The Nasdaq composite and S&P 500 closed higher on Wednesday, boosted by dealmaking activity and potentially improving trade relations between the U.S. and the European Union.
The tech-heavy Nasdaq rose 0.7 percent to 7,781.51 to close at an all-time high, led by Facebook and Netflix, which also reached record levels. Facebook and Netflix rose 2.3 percent and 2.9 percent, respectively. The S&P 500 gained 0.2 percent to end at 2,767.32, with real estate stocks outperforming.
Disney raised its bid for Twenty-First Century Fox assets to $38 per share, or $71.3 billion, surpassing an offer made by rival and NBCUniversal parent Comcast. Last week, Comcast bid $65 billion in cash for Fox assets which include FX, Star TV and stakes in Sky.
The bid sent Fox shares higher by 7.5 percent.
“Anytime you get news like that, the market takes it as a positive,” said Peter Cardillo, chief market economist at Spartan Capital Securities. “We’re also ready for a rebound, … but I think the market will stay volatile until we focus again on earnings.”
Cardillo said lingering trade tensions between the U.S. and some of its key partners, especially China, will keep investors on their toes for the time being.
The Dow Jones industrial average, meanwhile, fell 42.41 points to 24,657.80 and posted its seventh straight day of losses, its longest losing streak since March 2017. The 30-stock index briefly rose more than 100 points earlier in the session.
Stocks fell on Tuesday as trade tensions between the U.S. and China intensified. The Dow led the way lower, sliding nearly 300 points and erasing its gains for 2018.
Late Monday, President Donald Trump requested the United States Trade Representative to identify $200 billion worth of Chinese goods for additional tariffs, at a rate of 10 percent. Following Trump’s statement, Beijing reacted by pledging to retaliate against the U.S., with its Commerce Ministry stating that the U.S. had initiated a “trade war that violates market laws and is not in accordance with current global development trends.”
“The administration doesn’t view trade as “just politics,” it views balancing trade as existential for the U.S.,” said Barry Bannister, head of institutional equity strategy at Stifel, in a note. These concerns will remain on the table for the market regardless of how the midterm elections in November unfold, he said. “Trade laws are tailor-made for a negotiator president without Congress, making trade a growing (not peaking) risk.”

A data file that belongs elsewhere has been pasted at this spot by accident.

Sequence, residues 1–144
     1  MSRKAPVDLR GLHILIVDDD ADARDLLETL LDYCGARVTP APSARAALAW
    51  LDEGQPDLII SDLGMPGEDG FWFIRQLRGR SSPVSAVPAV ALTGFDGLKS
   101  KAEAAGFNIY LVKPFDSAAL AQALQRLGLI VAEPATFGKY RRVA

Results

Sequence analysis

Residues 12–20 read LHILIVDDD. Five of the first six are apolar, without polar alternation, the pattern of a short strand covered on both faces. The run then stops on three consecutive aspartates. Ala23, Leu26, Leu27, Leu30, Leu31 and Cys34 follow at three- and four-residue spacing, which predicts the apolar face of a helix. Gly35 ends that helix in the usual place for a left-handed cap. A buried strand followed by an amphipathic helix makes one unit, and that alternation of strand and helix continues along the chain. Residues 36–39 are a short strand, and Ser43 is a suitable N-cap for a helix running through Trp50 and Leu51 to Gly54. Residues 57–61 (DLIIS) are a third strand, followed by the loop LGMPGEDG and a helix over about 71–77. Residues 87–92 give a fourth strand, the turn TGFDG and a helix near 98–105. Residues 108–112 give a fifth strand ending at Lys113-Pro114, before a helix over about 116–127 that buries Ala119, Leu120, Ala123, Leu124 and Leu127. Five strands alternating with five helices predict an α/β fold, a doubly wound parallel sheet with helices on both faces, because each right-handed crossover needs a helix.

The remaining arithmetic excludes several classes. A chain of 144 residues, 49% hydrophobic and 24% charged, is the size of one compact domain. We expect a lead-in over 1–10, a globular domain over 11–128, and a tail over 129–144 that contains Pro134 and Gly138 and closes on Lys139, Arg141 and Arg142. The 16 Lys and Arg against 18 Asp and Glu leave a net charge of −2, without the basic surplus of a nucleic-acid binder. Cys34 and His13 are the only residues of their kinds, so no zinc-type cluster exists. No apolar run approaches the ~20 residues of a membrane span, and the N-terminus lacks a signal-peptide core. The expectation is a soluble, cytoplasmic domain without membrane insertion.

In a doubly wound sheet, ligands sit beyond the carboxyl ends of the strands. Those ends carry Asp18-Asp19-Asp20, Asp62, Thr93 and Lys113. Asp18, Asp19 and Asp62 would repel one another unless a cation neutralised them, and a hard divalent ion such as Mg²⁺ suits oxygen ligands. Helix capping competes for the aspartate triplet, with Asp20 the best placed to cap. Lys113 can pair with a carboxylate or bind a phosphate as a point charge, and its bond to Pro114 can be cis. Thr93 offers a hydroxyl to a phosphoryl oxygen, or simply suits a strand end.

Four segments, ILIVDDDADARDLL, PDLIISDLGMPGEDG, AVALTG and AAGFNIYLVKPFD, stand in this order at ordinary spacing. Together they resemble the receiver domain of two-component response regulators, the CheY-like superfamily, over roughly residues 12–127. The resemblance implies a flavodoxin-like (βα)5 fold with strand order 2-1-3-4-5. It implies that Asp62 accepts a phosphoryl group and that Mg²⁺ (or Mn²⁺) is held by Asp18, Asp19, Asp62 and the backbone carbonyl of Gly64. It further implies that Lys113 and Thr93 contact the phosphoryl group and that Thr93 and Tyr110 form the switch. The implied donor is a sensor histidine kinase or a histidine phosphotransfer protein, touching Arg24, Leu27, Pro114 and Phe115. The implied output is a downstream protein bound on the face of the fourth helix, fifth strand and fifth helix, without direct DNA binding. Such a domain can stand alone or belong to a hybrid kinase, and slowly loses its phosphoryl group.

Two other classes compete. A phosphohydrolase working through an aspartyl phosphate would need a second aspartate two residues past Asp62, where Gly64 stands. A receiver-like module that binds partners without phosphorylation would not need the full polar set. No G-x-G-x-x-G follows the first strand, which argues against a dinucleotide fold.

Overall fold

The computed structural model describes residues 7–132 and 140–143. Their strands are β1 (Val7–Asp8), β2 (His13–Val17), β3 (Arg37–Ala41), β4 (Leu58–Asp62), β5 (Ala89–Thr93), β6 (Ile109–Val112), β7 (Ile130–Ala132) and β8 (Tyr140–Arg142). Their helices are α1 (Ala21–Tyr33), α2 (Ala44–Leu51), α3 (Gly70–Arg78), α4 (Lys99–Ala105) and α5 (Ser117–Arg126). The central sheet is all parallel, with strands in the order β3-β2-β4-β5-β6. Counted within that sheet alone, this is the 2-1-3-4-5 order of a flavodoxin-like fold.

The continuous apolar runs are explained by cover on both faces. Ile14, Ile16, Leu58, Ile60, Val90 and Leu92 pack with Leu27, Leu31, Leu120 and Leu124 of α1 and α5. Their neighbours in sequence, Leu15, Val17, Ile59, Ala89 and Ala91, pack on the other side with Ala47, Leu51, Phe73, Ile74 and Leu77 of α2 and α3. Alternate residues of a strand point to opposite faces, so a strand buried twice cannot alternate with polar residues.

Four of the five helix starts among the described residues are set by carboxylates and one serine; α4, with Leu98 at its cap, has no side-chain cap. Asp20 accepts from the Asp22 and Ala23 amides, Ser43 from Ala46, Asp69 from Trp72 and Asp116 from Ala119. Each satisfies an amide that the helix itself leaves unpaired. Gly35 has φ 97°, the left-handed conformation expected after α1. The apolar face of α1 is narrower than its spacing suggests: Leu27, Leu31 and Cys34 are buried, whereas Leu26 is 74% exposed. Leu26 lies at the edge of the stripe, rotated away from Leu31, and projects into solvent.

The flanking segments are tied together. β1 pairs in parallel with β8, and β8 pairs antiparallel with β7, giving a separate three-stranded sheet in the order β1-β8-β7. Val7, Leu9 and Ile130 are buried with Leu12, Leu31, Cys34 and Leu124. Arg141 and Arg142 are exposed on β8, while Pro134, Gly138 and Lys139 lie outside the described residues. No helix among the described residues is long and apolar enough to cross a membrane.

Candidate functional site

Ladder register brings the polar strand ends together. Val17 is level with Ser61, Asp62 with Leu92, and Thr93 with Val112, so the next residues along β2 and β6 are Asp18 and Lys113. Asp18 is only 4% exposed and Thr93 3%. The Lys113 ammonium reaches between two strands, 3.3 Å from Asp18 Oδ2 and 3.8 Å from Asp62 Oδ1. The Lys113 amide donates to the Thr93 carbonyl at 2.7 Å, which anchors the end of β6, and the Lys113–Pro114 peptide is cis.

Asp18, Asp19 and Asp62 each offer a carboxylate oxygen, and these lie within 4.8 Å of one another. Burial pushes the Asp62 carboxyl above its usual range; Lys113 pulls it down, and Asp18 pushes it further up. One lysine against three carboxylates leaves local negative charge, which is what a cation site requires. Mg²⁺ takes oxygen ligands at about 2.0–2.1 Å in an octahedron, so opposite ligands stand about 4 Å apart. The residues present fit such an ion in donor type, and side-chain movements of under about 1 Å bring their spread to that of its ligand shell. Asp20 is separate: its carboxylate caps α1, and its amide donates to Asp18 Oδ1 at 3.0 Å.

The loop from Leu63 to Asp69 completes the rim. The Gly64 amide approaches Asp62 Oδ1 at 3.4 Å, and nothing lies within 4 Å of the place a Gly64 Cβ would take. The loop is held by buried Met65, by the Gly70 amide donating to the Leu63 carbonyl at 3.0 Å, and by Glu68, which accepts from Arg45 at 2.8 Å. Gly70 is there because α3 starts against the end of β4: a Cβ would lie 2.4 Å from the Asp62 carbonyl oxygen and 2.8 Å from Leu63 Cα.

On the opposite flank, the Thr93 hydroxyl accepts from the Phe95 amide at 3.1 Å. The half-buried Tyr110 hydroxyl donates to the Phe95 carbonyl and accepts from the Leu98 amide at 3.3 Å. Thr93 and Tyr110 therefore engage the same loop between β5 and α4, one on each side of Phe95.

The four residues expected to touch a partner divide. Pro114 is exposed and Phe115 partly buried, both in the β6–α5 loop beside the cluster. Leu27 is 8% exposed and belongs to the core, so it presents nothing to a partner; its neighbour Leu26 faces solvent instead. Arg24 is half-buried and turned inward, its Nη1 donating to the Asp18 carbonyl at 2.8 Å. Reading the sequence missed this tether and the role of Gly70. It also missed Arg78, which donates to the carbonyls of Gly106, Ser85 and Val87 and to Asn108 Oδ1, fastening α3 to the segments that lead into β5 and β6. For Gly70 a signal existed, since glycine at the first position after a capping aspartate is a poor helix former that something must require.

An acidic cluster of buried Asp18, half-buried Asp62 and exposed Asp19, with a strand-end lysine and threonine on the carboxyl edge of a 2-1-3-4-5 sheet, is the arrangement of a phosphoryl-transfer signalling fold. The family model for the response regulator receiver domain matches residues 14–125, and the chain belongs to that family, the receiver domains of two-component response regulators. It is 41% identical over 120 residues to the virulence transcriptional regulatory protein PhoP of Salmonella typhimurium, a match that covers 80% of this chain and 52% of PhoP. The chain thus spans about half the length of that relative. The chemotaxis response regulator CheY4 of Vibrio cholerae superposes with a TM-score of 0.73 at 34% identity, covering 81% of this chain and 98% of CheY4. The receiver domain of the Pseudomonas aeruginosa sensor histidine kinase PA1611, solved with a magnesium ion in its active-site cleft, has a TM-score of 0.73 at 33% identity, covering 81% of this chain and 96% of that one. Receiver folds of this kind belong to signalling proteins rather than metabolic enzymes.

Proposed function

Trade tensions among the largest economies in the world have increased recently as the Trump administration aims at obtaining more favorable trade deals and conditions for the U.S.
“If you look at the impact of this, it’s rather small right now,” said Mark Esposito, CEO of Esposito Securities. He noted that the stimulus coming from the tax cuts passed last year outweigh the negatives stemming from trade concerns. “Cooler heads will prevail. The fact of the matter is the market wants to go up.”
But investors got a reprieve Wednesday from the negative news on trade. The Wall Street Journal reported that the U.S. ambassador to Germany had met with the leaders of German car makers BMW, Volkswagen and Daimler, where they pitched the idea of ending car tariffs between the U.S. and the EU.
During these talks, the executives said they would be in favor of scrapping these levies as part of a broader deal encompassing industrial goods, the Journal said.
Shares of Walgreens Boots Alliance rose more than 5 percent after S&P Dow Jones Indices announced it would replace General Electric on the blue-chips index. General Electric, meanwhile, closed 0.5 percent lower.
Starbucks shares dropped by 9.1 percent after announcing it plans to close more than 150 stores in the next year and after lowering its sales guidance for the third quarter. The stock also posted its worst day since July 2017 and is on track for its worst week since 2016.